Part of the draw at American Players Theatre is the trip to the country and the pre-curtain picnic ritual. No matter how good the theater is at APT -" and make no mistake, it's good "- the drama onstage is not the only thing people go out to Spring Green for. To make an 83-mile round trip worthwhile, the evening has to be an event.
For Saturday night's opening of George Bernard Shaw's Arms and the Man, I skipped the picnic and arrived shortly before the 8 p.m. curtain. The picnic grounds were deserted, save for a man and his son gobbling salads from Culver's. Brave souls! This flies in the face of the reigning wicker-picnic-hamper-and-bottle-of-wine esthetic, and I applaud them for it.
So, I suspect, would Shaw (as long as the salads were vegetarian). In Arms and the Man, Shaw pokes holes in the veneer of the social-climbing Petkoff family. Mrs. Petkoff (Sarah Day) keeps reminding everyone of the addition of an electronic bell to call the servants; her daughter Raina (Colleen Madden) wraps herself in a voluptuous fur. Raina is engaged to a soldier away at war whom she idolizes, but into this milieu bursts (literally) a Swiss soldier-for-hire, fighting for the other side (the Serbs). Captain Bluntschli (the excellent John Thompson) has escaped from the Russian/Bulgarian forces by climbing through Raina's window. To even her own surprise, Raina hides him in her room and helps him escape in an old coat of her father's.
Raina and her mother romanticize war and their men's bravery, but the down-to-earth Bluntschli explodes their dearly held myths. When he returns, along with Raina's father and fiancé, all family order is upset.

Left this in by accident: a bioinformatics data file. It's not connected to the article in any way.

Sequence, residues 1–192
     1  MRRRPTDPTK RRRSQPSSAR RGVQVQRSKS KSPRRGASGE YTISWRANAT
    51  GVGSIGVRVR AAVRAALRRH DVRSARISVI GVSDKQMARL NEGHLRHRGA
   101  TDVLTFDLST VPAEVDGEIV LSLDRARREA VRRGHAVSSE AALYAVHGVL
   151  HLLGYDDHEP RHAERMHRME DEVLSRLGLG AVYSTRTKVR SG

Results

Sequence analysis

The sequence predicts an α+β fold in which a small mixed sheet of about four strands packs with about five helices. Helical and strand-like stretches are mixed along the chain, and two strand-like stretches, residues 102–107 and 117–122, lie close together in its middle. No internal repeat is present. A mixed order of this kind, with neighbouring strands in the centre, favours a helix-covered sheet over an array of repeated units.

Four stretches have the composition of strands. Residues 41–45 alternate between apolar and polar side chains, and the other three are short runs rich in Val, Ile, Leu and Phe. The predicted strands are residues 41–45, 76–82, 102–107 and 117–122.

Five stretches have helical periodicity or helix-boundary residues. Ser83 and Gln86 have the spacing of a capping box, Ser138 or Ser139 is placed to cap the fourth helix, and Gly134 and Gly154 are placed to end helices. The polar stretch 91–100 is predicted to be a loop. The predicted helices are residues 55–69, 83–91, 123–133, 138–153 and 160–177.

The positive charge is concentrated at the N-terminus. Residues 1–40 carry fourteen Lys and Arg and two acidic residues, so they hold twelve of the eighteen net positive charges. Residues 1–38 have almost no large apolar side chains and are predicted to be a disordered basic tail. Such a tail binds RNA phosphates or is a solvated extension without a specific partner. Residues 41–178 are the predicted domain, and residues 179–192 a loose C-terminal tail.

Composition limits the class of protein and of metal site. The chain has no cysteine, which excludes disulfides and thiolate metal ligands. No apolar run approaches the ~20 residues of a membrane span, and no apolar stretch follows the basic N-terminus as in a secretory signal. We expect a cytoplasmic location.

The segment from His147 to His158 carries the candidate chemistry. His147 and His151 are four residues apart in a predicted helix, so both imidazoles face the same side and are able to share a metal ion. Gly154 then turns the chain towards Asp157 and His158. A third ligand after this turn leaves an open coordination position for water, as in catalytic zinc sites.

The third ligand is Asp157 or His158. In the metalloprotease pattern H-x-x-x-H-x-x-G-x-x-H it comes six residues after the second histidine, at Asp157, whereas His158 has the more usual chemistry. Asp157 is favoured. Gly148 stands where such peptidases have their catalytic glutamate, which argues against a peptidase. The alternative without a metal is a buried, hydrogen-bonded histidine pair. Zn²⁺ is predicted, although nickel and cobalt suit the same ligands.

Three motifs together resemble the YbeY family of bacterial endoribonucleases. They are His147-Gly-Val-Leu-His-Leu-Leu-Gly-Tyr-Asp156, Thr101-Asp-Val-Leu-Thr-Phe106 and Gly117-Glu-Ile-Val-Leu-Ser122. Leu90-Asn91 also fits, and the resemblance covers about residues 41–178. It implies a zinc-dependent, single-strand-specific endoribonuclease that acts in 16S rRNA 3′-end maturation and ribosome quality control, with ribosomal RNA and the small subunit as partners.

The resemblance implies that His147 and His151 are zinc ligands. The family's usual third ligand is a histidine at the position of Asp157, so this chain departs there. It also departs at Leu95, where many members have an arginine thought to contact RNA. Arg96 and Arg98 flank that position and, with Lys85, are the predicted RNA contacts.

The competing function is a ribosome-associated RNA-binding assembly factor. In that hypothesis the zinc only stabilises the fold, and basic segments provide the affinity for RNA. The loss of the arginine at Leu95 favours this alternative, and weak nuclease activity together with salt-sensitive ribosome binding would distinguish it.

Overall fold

While war is topic A, class is topic B, as servant Louka (Leah Curney) rails against her place and Nicola (Scott Haden) upholds it. Shaw attacks artifice in all forms, arguing for a more direct, stripped-down, honest approach to relations.
Yet Arms and the Man is a comedy, and the cast displays sharp timing. As Raina's fiancé, Jim DeVita also exploits his vocal inflection to great comic effect, as does Day as her mother.
Director James Bohnen mentions in his program notes that the play, while tackling serious themes, has "the airiness of a meringue." There may be a little too much meringue in the mix, though. It should be stirring to hear Bluntschli declare to Raina that he is "the first man that has ever taken you quite seriously," but Madden's Raina isn't compelling enough a character for that speech to have emotional weight. The actors are all good individually, but the cast never quite gels as a cast. And the two 15-minute intermissions, while lengthening the evening as a social event, disrupt the life of the play too much.
Still, it's hard to turn down such a meringue. Even in a post-"Seinfeld" world, where "no lessons, no hugging" is the new normal, the radical Shaw has great appeal. Lessons, yes; but hugging, not so much.